This invention relates to the application of lubricant to railroad rails and particularly to a rail lubrication system mounted on a locomotive truck.BACKGROUNDIt is known in the art relating to rail lubrication to apply a lubricant to locomotive wheels to minimize friction between the wheel flanges and rails, especially on curves. In the early 1980's studies performed by the Association of AmericanRailroads revealed substantial fuel consumption reductions during testing with flange lubrication. The railroad industry quickly adopted equipment mounted on board locomotives. The continuous application of lubricant to the flanges of locomotive wheelsand thus the rails is today an industry practice.Previous systems which have been developed primarily utilize a liquid lubricant such as oil or grease which is sprayed on the wheels. Practical experience has shown that these systems are unreliable and often difficult to retrofit. Muchdifficulty has been experienced in the application to the trucks of the locomotive due to the clearance considerations and adverse environment which includes high vibrations and severe dirt contamination. Typical grease or oil based systems mount theirapplicator nozzles on the truck frame of the locomotive which is spring mounted relative to the wheels. Although the vibration environment is improved, the alignment of the nozzles to the wheels is not accurate due to the relative motions of the wheelsto the truck frame.Development of solid lubrication materials to replace the liquids offers potential improvements in delivery accuracy and delivery effectiveness due to reduced fling-off. Solid lubrication materials have been used or tried in the past. Suchsystems typically were mounted on the truck frame and gravity or spring pressure was used to urge a block of lubricant toward a wheel flange. Alternatively, a guide shoe was used to align the system to the wheel, and a stick of lubricant in a tubularholder was fed against the wheel flange.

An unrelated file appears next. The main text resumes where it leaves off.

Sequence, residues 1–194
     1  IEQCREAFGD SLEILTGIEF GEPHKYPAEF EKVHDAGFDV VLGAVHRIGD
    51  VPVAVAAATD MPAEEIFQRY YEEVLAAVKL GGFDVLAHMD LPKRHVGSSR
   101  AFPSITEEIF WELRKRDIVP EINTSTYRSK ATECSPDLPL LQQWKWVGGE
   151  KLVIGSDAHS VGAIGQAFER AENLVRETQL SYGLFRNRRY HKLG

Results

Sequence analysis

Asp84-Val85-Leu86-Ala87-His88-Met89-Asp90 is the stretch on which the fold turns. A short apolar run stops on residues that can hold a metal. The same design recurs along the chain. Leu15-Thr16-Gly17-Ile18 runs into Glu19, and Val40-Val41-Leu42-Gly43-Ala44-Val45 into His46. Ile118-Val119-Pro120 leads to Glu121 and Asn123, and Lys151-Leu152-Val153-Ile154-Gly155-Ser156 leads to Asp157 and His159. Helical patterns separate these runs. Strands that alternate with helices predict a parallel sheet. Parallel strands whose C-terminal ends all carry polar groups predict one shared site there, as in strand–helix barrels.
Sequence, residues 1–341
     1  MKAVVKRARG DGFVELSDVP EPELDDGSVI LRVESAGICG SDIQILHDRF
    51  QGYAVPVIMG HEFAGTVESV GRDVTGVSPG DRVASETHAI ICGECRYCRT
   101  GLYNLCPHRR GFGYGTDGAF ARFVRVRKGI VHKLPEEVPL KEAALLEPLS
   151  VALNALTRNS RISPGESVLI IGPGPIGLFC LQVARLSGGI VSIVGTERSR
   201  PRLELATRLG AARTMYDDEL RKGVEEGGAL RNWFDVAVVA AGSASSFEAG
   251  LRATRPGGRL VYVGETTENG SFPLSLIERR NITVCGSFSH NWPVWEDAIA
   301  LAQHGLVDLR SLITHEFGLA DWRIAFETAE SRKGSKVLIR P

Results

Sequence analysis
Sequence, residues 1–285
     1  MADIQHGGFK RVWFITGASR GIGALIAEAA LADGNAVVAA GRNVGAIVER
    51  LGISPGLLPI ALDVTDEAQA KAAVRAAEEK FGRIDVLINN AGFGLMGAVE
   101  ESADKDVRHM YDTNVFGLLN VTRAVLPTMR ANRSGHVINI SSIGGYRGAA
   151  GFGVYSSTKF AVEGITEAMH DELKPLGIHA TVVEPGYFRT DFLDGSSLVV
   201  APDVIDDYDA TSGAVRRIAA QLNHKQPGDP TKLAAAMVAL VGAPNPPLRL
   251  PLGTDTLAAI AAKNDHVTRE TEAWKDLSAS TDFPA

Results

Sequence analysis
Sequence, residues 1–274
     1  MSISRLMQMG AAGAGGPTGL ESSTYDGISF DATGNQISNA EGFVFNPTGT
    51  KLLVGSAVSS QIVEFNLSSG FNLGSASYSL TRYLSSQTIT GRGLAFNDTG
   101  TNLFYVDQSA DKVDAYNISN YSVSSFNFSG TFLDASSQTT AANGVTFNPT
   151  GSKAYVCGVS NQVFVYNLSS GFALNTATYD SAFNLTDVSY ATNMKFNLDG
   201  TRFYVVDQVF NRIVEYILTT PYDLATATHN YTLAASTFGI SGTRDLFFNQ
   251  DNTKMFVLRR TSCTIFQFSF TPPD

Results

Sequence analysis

United States Patent: 5251724 ( 1 of 1 ) United States Patent 5,251,724 Szatkowski , et al. October 12, 1993 Rail lubrication application system Abstract A lubrication applicator presses a block of solid lubricant against the flange of a locomotive wheel. An applicator nozzle loosely fits over the body of the applicator and lightly engages the block of lubricant to bridge the gap between the body and the wheel. The applicator is supported by a main bracket fixed to an unsprung portion of the locomotive truck, such as a journal box or a traction motor, and an adjustable bracket which establishes a good attitude of the applicator and is movable radially of the wheel to accommodate wheels of different diameters. A bracket attached to a journal box fits in a restricted space between the truck frame and the wheel and comprises a plate with upper and lower channels attached to opposite sides to provide strong and light structures subject to minimal inertial loading in a severe vibrational environment. To lessen the inertial forces the brackets angle upward (rather than horizontally) to position the applicator within about 45.degree. of the vertical plane of the wheel. Inventors: Szatkowski; James G. (Elmhurst, IL), Kohler; Timothy D. (Frankfort, IL) Assignee: General Motors Corporation (Detroit, MI) Appl. No.: 07/851,726 Filed: March 16, 1992 Current U.S. Class: 184/3.2 ; 184/99 Current International Class: B61K 3/02 (20060101); B61K 3/00 (20060101); B61K 003/00 () Field of Search: 184/3.1,3.2,2,99,45.2 104/279 198/500 References Cited [Referenced By] U.S. Patent Documents 990637 April 1911 Dawson 1088928 March 1914 Reid 1177632 April 1916 Johnson 1222341 April 1917 Wholey 1756726 April 1930 Brost 1912490 June 1933 Miller, Jr. 2160784 May 1939 Milbank 2580687 January 1952 McMillan 2637411 May 1953 Harbison 2866521 December 1958 Gibson 2935159 May 1960 Burrell 4811818 March 1989 Jamison 5054582 October 1991 Aracil 5085292 February 1992 Dial Foreign Patent Documents 0110896 Nov., 1917 GB Other References Electro-Motive's Wheel Flange Lubrication System Brochure, LB17-890, 1990 General Motors Corporation. . Electro-Motive's Wheel Flange Lubricator Parts List A1524, Nov., 1961.. Primary Examiner: Cole; Richard R. Assistant Examiner: Cariaso; Alan B. Attorney, Agent or Firm: Outland; Robert J. Claims What is claimed is: 1. In a locomotive having axle mounted wheels supporting a truck wherein the truck has an axle associated unsprung portion and each wheel includes a flange and is rotatable on an axis, a rail lubrication system comprising: a tubular applicator having an outlet for dispensing lubricant; solid lubricant held within the applicator for application to a locomotive wheel flange; means for holding the applicator adjacent a wheel flange for lubricant application to the flange, said holding means including a first bracket secured to the axle associated unsprung portion of the truck near a wheel and extending toward the wheel periphery and a second bracket adjustably secured to the first bracket and attached to the tubular applicator to adjustably position said outlet of the applicator adjacent the flange; wherein the holding means support the applicator at a substantial angle from the top of the wheel but not more than about 45.degree. around the wheel axis. 2. The invention as defined in claim 1 including adjustment means for adjusting the second bracket on the first bracket comprising slots in one of the brackets parallel to the wheel radius for adjustment parallel to the radius. 3. The invention as defined in claim 1 wherein the second bracket extends beyond the wheel periphery and the tubular applicator is mounted on the second bracket at an angle so that said applicator outlet is adjacent the flange. 4. The invention as defined in claim 1 wherein the first and second brackets hold the applicator at a position on the wheel on the order of 45.degree. from the vertical plane of the wheel axis. 5. The invention as defined in claim 1 wherein the applicator comprises a rectangular tubular body for containing the solid lubricant and a spring assembly within the tubular body for pushing the lubricant from the applicator; the spring assembly comprising a sleeve, a pair of coiled flat springs each having one end fastened at said outlet of the applicator and the other end coiled around the sleeve, and plastic end plugs press fit into the sleeve ends for retaining the springs on the sleeve and for sliding engagement with the tubular body. 6. The invention as defined in claim 1 wherein the applicator comprises a rectangular tubular body having an open end comprising the outlet for dispensing the solid lubricant; and a nozzle loosely slidable on the body and surrounding the outlet, the nozzle including inwardly projecting fingers for lightly engaging the solid lubricant so that as the lubricant advances toward the wheel the nozzle is moved against the wheel. 7. The invention as defined in claim 1 wherein the lubricant is in the form of a solid block; the applicator comprises a rectangular tubular body having an open end comprising the outlet for dispensing the solid lubricant and wherein the body is spaced from the wheel by a gap; spring means in the body for pushing the lubricant block against the wheel; and means for bridging the gap between the body and the wheel comprising a nozzle loosely slidable on the body and surrounding the outlet and frictionally engaging the lubricant block, whereby the nozzle is biased against the wheel by the movement of the lubricant block. 8. In a locomotive truck with journal boxes closely adjacent associated wheels having peripheral flanges, a rail lubricant application apparatus comprising: a lubricant applicator for dispensing lubricant onto a wheel flange; a first bracket having a lower end bolted to the journal box between the wheel and the journal box and an upper end extending toward the wheel periphery; and a second bracket adjustably supported on the upper end of the first bracket and having a mounting surface attached to the applicator adjacent the flange; wherein the upper end of the first bracket has slots extending parallel to a wheel radius for adjustably connecting the brackets. 9. In a locomotive truck with journal boxes closely adjacent associated wheels having peripheral flanges, a rail lubricant application apparatus comprising: a lubricant applicator for dispensing lubricant onto a wheel flange; a first bracket having a lower end bolted to the journal box between the wheel and the journal box and an upper end extending toward the wheel periphery; and a second bracket adjustably supported on the upper end of the first bracket and having a mounting surface attached to the applicator adjacent the flange; wherein the first bracket comprises a plate including the lower end and the upper end of the first bracket and channel means welded to the plate intermediate the lower and upper ends to form reinforcing box means. 10. The invention as defined in claim 9, said channel means comprising a first channel extending from adjacent the lower end and attached to one side of the plate and a second channel extending from adjacent the upper end and attached to the other side of the plate, the channels being partially overlapped and forming with the plate reinforcing box sections. 11. The invention as defined in claim 9 wherein the channel means comprises at least one channel having a pair of spaced flanges connected by a web and wherein the web is spaced from the plate and the flanges are welded to the plate. 12. The invention as defined in claim 10 wherein the first channel is located on the side of the plate toward the wheel and extends toward a recess thereof and the second channel is located on the side of the plate away from the wheel and radially opposite the wheel rim. 13. In a locomotive truck with wheels having peripheral flanges and axle supported traction motor means between the wheels, a rail lubricant application apparatus comprising; a first bracket supported on the motor means near a wheel, the first bracket including a mount having at least one mounting slot generally aligned with the wheel radius; a second bracket adjustably mounted on the slotted mount of the first bracket for movement relative to the wheel along the wheel radius; and a lubricant applicator secured to the second bracket and positioned at the wheel periphery to dispense lubricant to the wheel flange. 14. The invention as defined in claim 13 wherein the first bracket comprises a plate secured to the motor means, elongated reinforcing means on the plate and extending toward the wheel, and the reinforcing means carrying the mount. 15. The invention as defined in claim 14 wherein the reinforcing means is a rectangular stiffening tube extending beyond the plate and having an end fixed to the mount. 16. The invention as defined in claim 14 wherein the reinforcing means includes a pad having threaded bores, and the mount is removably attached to the reinforcing means by bolts coupled to the threaded bores. 17. The invention as defined in claim 14 wherein the mount comprises a rectangular mounting tube aligned with the wheel radius and having mounting slots in two opposite sides of the tube. 18. The invention as defined in claim 13 wherein the second bracket comprises a generally U-shaped channel with sides and a connecting web, the web being disposed at an angle to the wheel radius and serving as a mounting surface for the lubricant applicator to hold the applicator at such an angle. 19. The invention as defined in claim 13 wherein the second bracket comprises a generally U-shaped channel with sides and a connecting web, the sides being adjustably secured to the mounting slots, and the web being disposed at an angle to the wheel radius and serving as a mounting surface for the lubricant applicator. Description TECHNICAL FIELD This invention relates to the application of lubricant to railroad rails and particularly to a rail lubrication system mounted on a locomotive truck. BACKGROUND It is known in the art relating to rail lubrication to apply a lubricant to locomotive wheels to minimize friction between the wheel flanges and rails, especially on curves. In the early 1980's studies performed by the Association of American Railroads revealed substantial fuel consumption reductions during testing with flange lubrication. The railroad industry quickly adopted equipment mounted on board locomotives. The continuous application of lubricant to the flanges of locomotive wheels and thus the rails is today an industry practice. Previous systems which have been developed primarily utilize a liquid lubricant such as oil or grease which is sprayed on the wheels. Practical experience has shown that these systems are unreliable and often difficult to retrofit. Much difficulty has been experienced in the application to the trucks of the locomotive due to the clearance considerations and adverse environment which includes high vibrations and severe dirt contamination. Typical grease or oil based systems mount their applicator nozzles on the truck frame of the locomotive which is spring mounted relative to the wheels. Although the vibration environment is improved, the alignment of the nozzles to the wheels is not accurate due to the relative motions of the wheels to the truck frame. Development of solid lubrication materials to replace the liquids offers potential improvements in delivery accuracy and delivery effectiveness due to reduced fling-off. Solid lubrication materials have been used or tried in the past. Such systems typically were mounted on the truck frame and gravity or spring pressure was used to urge a block of lubricant toward a wheel flange. Alternatively, a guide shoe was used to align the system to the wheel, and a stick of lubricant in a tubular holder was fed against the wheel flange. Mounting on the truck frame inevitably requires some sort of mechanism to compensate for the wheel relative motions. Tracking or complicated guidance mechanisms have typically yielded very poor results. The application of solid lubrication materials to the wheels presents significant difficulties in positioning, alignment, and durability of the system. In particular, mounting brackets and equipment mounted on the unsprung truck components (wheels and motors) must be durable in the severe environment. It has been proposed to avoid mounting on the truck frame by mounting on an unsprung portion such as the journal box. Particularly, it has been proposed to use a heavy bracket (1/2 inch steel plate) extending horizontally outward from the journal box to the wheel flange area. These types of brackets were found to be too bulky and severe problems with strength of the attachment to the journal box were experienced. Due to large inertial loads developed in the high vibration environment, simple, heavy brackets are not optimal and problems of fatigue and fastener deterioration can be expected. Applicators for dispensing solid lubricant to the wheel flanges have also been proposed. Even when optimum bracket design is employed there can be some small movement of the wheel relative to the dispenser and, depending on the journal box design, there may be substantial movement. The applicator should be able to compensate for such movement and at the same time should be as close as possible to the wheel flange to avoid a gap which is bridged only by unsupported lubricant. SUMMARY OF THE INVENTION The present invention overcomes the aforementioned problems by providing a lubricant system mounted on the unsprung portion of the locomotive truck by a relatively light weight bracket which is both stiff and fatigue resistant and is arranged to minimize the inertial loads developed in the high vibration environment. The invention is also carried out by providing an improved applicator. The invention is carried out, in a locomotive having wheels supporting a truck wherein the truck has an unsprung portion associated with the wheels, by a rail lubrication system comprising: a tubular applicator having an end for dispensing lubricant; solid lubricant held within the applicator for application to a locomotive wheel flange; means for holding the applicator adjacent a wheel flange for lubricant application to the flange including a first bracket secured to the unsprung portion of the truck near a wheel and extending toward the wheel periphery and a second bracket adjustably secured to the first bracket and attached to the tubular applicator to adjustably position the said end of the applicator adjacent the flange. The invention is also carried out by such a holding means wherein the first bracket is a lightweight rigid structure mounted on a journal box and extends upward at an angle to the wheel periphery. The invention is further carried out by such a holding means having a first bracket attached to the locomotive traction motor near a wheel. The invention is further carried out by an applicator having an improved spring assembly and by a nozzle for bridging the gap to the wheel. These and other features and advantages of the invention will be more fully understood from the following descriptions of certain specific embodiments of the invention taken with the accompanying drawings. BRIEF DRAWING DESCRIPTION In the drawings: FIGS. 1 and 2 are side and top views of a rail lubricant system mounted on a locomotive journal box according to the invention; FIG. 3 is a side view of a main bracket of the lubricant system of FIG. 1 according to the invention; FIG. 4 is a cross section taken along line 4--4 of FIG. 1 showing a front edge view of the lubricant system according to the invention; FIGS. 5 and 6 are front edge and inner side views, respectively, of an adjustable bracket of the lubricant system of FIG. 1, according to the invention; FIG. 7 is a partly broken away and partly exploded view of a lubricant applicator for the system of FIG. 1, according to the invention; FIGS. 8a and 8b are top and end views of a nozzle for the applicator of FIG. 4, according to the invention; FIG. 9 is a side view of a lubricant system mounted on a locomotive using another embodiment of the main bracket according to the invention; FIGS. 10 and 11 are top and side views, respectively, of another embodiment of a lubricant system mounted on the traction motor of a locomotive; FIGS. 12 and 13 are top and inner side views, respectively, of a main bracket for the system of FIGS. 10 and 11, according to the invention; FIG. 14 is an isometric view of an adjustable bracket for the system of FIGS. 10 and 11, according to the invention; and FIG. 15 is an inner side view of another embodiment of the main bracket for the system of FIGS. 10 and 11. DETAILED DESCRIPTION The ensuing description is directed to mounting structure for lubricant systems developed specifically for application to locomotives built by Electro-motive Division (EMD) of General Motors Corporation, but with minor dimensional changes such structures are applicable as well to other locomotive designs. The locomotive designs sometimes differ in the style of outer axle support which is variously known as a journal bearing or a journal box. Such a device is generally referred to herein as a journal box and is used as an unsprung mount for a support bracket. A known solid lubricant disclosed in U.S. Pat. No. 4,915,856 is the substance to be applied to the wheel flange. The lubricant is in the form of a block and is dispensed by an applicator comprising a tubular housing and a constant force spring roller assembly which pushes against the lubricant block. Application of the lubricant to the wheel is constant while rate of deposition is controlled by the lubricant formulation and the force of application. Referring to FIGS. 1 and 2, which show a portion of a locomotive truck, a journal box 10 is supported by a wheel 12 through an axle rotatable with the wheel on an axis, not shown, such that the wheel and the journal box are always in the same relative position. The journal box 10 supports a truck frame 14 via springs, not shown, so that the frame 14 is movable relative to the wheel 12 and journal box 10. A lubricant applicator 16 is supported beyond the wheel rim 15 at a position of about 45.degree. from the vertical plane through the axis of the wheel 12, and is held with one end against the side of the wheel flange 17. The applicator 16 is supported by a main, fixed bracket 18 bolted to the journal box 10 and an adjustable bracket 20 secured to the outer end of the main bracket 18. The main bracket 18, also shown in FIGS. 3 and 4, is constructed of a reinforced 1/4 inch plate 22 and has a curved lower boundary 23 furnished with three holes 24 for bolting to the journal box at existing bolt positions and an annular boss or spacer 26 at each hole 24 to provide a necessary offset to fit the bracket to the counterbored or relieved surfaces of the journal bearing assemblies. At the upper end of the bracket 18, three parallel slots 28 serve as mounting holes for the adjustable bracket 20. The slots 28 are parallel to the wheel radius which extends through the applicator 16. Thus the adjustment allows movement of the applicator directly toward or away from the wheel axis and accommodates different diameter wheels. The bracket 18 has an offset 29 at a location between the slots 28 and the holes 24 to provide clearance. The reinforcement of the main bracket 18 comprises a large channel 30 and a small channel 32 on opposite sides of the bracket. Each channel comprises a central web portion 33 bounded by a flange 34. The flanges are welded to the plate 22 to create box sections for stiffness. The large channel 30 is uniquely shaped to fit between the plate 22 and the wheel 12 while maximizing the structural elements. The channel 30 is tapered from a wide lower end near the bolt holes to a narrow upper end near the offset 29. The tapering shape improves fatigue resistance in critical sections adjacent the attachment holes. The small channel 32 is attached to the side of the plate 22 opposite the wheel 12 and maintains a uniform rectangular cross section throughout its length. The small channel overlaps the upper end of the large channel 30 and the offset 29 and extends up to the slots 28. At the top of the small channel 32 the flanges taper off to provide a transition in the structure which reduces stresses and increases fatigue resistance. The offset 29 and the staggered relationship of the channels 30 and 32 enables the bracket to fit in the restricted space adjacent the bearing journal 10, the wheel 12, and the frame 14 and provides adequate clearance to accommodate relative motions between these elements. The restricted space is illustrated in FIG. 4 wherein the wheel 12 and the frame 14 are cross hatched and the journal box 10 is in phantom lines. It can be seen that by mounting the channel 30 on the wheel side of the plate 22 the lower end of the channel does not interfere with the journal box 10, and the upper end can extend to a point near the under side of the wheel rim. Due to the bracket width the distance between its top and the rim varies; the line 12' illustrates the proximity of the rim to the nearest corner of the channel 30. Thus the channel 30 partially intrudes into the envelope of the wheel rim. The channel 32 then is placed on the opposite side of the plate 22 to avoid interference with the rim and is spaced from the frame 14. The small offset 29 also helps avoid interference of the plate with the rim. Both the wheel 12 and the frame 14 can move laterally a fraction of an inch and the bracket 18 is sufficiently spaced from both members to maintain a clearance. The adjustable bracket 20, shown in FIGS. 5 and 6 comprises a flat plate 36 welded to an angle plate 38. The flat plate 36 has three bolt holes 40 for bolting the plate 36 to the slotted main plate 22. The angle plate 38 has one half overlapping the flat plate 36 and has both legs of the angle welded thereto to provide a rigid structure; a bolt access opening 41 is formed in the apex of the angle. The other half extends beyond the flat plate 36 and provides an angled mounting surface 42 for positioning the applicator 16 at a suitable angle to the wheel and bolt holes 44 for attaching the applicator. The mounting surface 42 extends beyond the flat plate 36 to provide a sufficiently large support for the applicator. The brackets described herein are preferably steel and are assembled by welding. Such devices have performed well in testing. To make the assembly lighter, other materials such as aluminum could be used, although steel is less expensive. Also rather than welding parts together, the same shapes could be made by casting. Similar brackets might also be made by forming or stamping. The bracket design described herein is unique in that previous brackets have typically been heavy plates which extend horizontally from the journal box. Those previous designs performed poorly due to the high inertia loadings which resulted from the high acceleration levels at the journal box and their large mass. The design according to the invention is light in weight to reduce the inertia loading and optimized for maximum stiffness and strength. The placement at the high position spaced 45.degree. or less from the vertical plane of the wheel axis is also unique and tends to reduce the inertia loadings in the brackets. The clearance problems in this area are much greater thus leading to the specific placement of the stiffening channels. The low weight of the brackets also facilitates handling and application to the locomotive. The particular design described above attaches to the journal box of a Hyatt bearing which is an industrial standard bearing for locomotives. In some applications other bearings might be used and the brackets would have to be modified to fit. The applicator 16 as shown in FIGS. 4, 7, 8a and 8b is attached to the adjustable bracket 20 via a spacer block 46 so that the applicator is aligned with the outer flange surface 17 of the wheel 12. The applicator 16 has a tubular body 48 of rectangular cross section. A cutout 50 on one side of the body permits insertion of a lubricant block 108. A retraction and latching tab 51 for retracting the inner spring assembly extends from the rear of the applicator body 48 and has a hook portion which latches on the edge of the body 48. The forward end of the applicator 16 is covered by an elastomeric nozzle 52. While the concept of a tubular body holding a block of solid lubricant and a constant force spring assembly for advancing the block is known, improvements have been made to the spring assembly and the nozzle 52 has been added. The spring assembly 110 comprises a pair of coiled flat springs 112 attached by rivets 114 to the front end of the body 48 at one side thereof and coiled around a steel sleeve 116. Plastic end plugs 118 fit within each end of the sleeve 116 and have large diameter heads 120 to contain the springs 112. The plugs 118 have an interference fit in the sleeve so that no separate fasteners are used. The plugs are preferably nylon and slide easily inside the tubular body 48 as the sleeve advances. The retraction and latching tab 51 is mounted on the sleeve 116 between the two springs 112. As shown in the drawings the tab 51 is hooked over the rear end of the body 48 and the springs 112 are mainly in uncoiled condition except for a few turns around the sleeve 116. The block 108 of lubricant is then inserted through the opening 50. When the tab 51 is released, the springs 112 exert a force on the sleeve toward the front of the applicator to push the lubricant block 108 forward. The nozzle 52 is provided to bridge the gap between the front of the tubular body 48 and the wheel flange. The nozzle slides loosely on the body 48 to accommodate any relative motion between the wheel and the applicator having a component in the direction of the applicator axis. By bridging the gap the nozzle helps retain and utilize the end portion of a nearly consumed block of lubricant, it prevents contact of the tubular body 48 with the wheel, and it helps keep out dirt. The nozzle must have good wear in a dirty environment; although it is considered to be a consumable part, it should have a useful life spanning the usage of many lubricant blocks. A urethane composition is expected to be satisfactory for the intended purpose. FIGS. 8a and 8b show the nozzle 52 shape. It has a generally rounded nose 53 (FIG. 4) conforming to the shape of the wheel flange. The body of the nozzle 52 is rectangular to fit over the body 48 and has interior grooves 130 to clear the rivets 114. The nose 53 has an in-turned flange or finger 132 on each side to provide a light drag on the lubricant block 108 as it is fed from the applicator body 48. Then the lubricant and the nozzle will move together in the case of any relative movement between the wheel and the applicator body, but the lubricant block will advance through the nozzle as the lubricant is consumed. FIG. 9 shows a modified-main bracket 18' for a locomotive application using a Timken bearing equipped with a bearing adapter 56. The bracket 181 comprising a plate 22' without an offset extends from a bearing attachment location to an upper end with slots 28' which are functionally the same as the slots 28. The bracket 18' has a vertical edge 58 for attaching to the bearing adapter; upper and lower holes 59 along the edge 58 are provided for attachment at existing bolt locations. A large lower channel 30' on one side of the plate extends from a point near the lower attachment hole 59 to a point part way toward the upper end. A short channel 32' on the other side of the plate 22' overlaps the upper end of the channel 30' and extends up to the slots 28'. The channels are of uniform width. They provide stiffening of the bracket and increase the fatigue resistance. As in the bracket 18, the construction is preferably welded but casting or other technology may be used as well. Similarly, the material is preferably steel but alternative materials such as aluminum may be used. The adjustable bracket 20 and the applicator 16 are the same as used in the previously described embodiment. Switching locomotives can be equipped with a lubricant system using another type of mounting. As is well known, EMD locomotive traction motors are generally between the truck frame and a drivingly connected wheel axle and are provided with an air duct having an opening in the upper side of the motor housing. Road locomotives have a flexible duct attached to the air opening so that there is no convenient place to attach a bracket for the system. Switching locomotives, on the other hand, use other duct arrangements and a cover is placed over the air opening. The opening is near a wheel and since the traction motor, through its pivotal connection with the axle, is part of the unsprung mass of the truck it is advantageously used as a bracket mounting location. The switcher brackets which mount to the traction motor can be constructed in a fixed and a detachable version. The fixed version is designed to provide the maximum strength and stiffness with the fewest number of bolted joints. The detachable version allows the users employing large, flanged brake shoes the flexibility to remove the upper portion of the bracket to facilitate brake shoe replacement. FIGS. 10 through 13 show a rail lubricant system for a switcher using the fixed version of brackets. A plate 60 is mounted over the cover of the air opening of a traction motor 61 and has peripheral bolt holes 62 in a pattern conforming to the bolts for the cover. The plate provides the foundation for the balance of the components and the corner of the plate 60 adjacent the wheel has an extension 64 overhanging the motor. A long rectangular tube 66 is diagonally positioned on the plate 60 and has one end extending beyond the extension 64 toward the wheel. The tube stiffens the plate 60 and distributes the loads from the applicator 16 which is cantilevered off the assembly. The end 68 of the long tube 66 nearest the wheel is cut at an angle in a plane parallel to the plane of the wheel. A short rectangular tube 70 is welded to the end 68 of the long tube 66 with the longitudinal axis of the tube 70 parallel to the wheel radius. The narrow sides of the short rectangular tube 70 have longitudinal slots 72 for adjustable attachment of an adjustable bracket. A first gusset 74 is welded between the top of the tube 66 and the side of the short tube 70 and a second gusset 76 is welded between the bottom of the plate extension 64 and the short tube 70 for reinforcement. The welded assembly including elements 60-76 comprise the main bracket 80. An adjustable bracket 82, separately shown in FIG. 14 is a U-shaped part having a bottom portion 84 containing a slot 86 for the attachment of the applicator 16 and for minor adjustment to maintain optimal delivery of the lubricant. The bracket 82 has sides 88 containing mounting holes 90. The top edge of the bracket 82 and the holes 90 are angled to position the bottom portion 84 at the correct angle to align the applicator to the wheel flange. As shown in FIG. 15, the detachable version of the mounting bracket 80' is similar to the fixed version, but differs in the attachment of the short tube and uses a structural angle 92 instead of the tube 66 for stiffening the plate 60'. A pad 94 is welded to the extension 64' at the end of the angle 92 and contains threaded bores for bolts 95. A plate 96 with bolt holes is removably attached by bolts 95 to the pad 94. A short rectangular tube 70' is welded to the end of the plate 96 and is reinforced by gussets 100. The tube 70' is arranged like tube 70 described above and has slots 72' for mounting the adjustable bracket 82. While the invention has been described by reference to certain preferred embodiments, it should be understood that numerous changes could be made within the spirit and scope of the inventive concepts described. Accordingly it is intended that the invention not be limited to the disclosed embodiments, but that it have the full scope permitted by the language of the following claims. * * * * *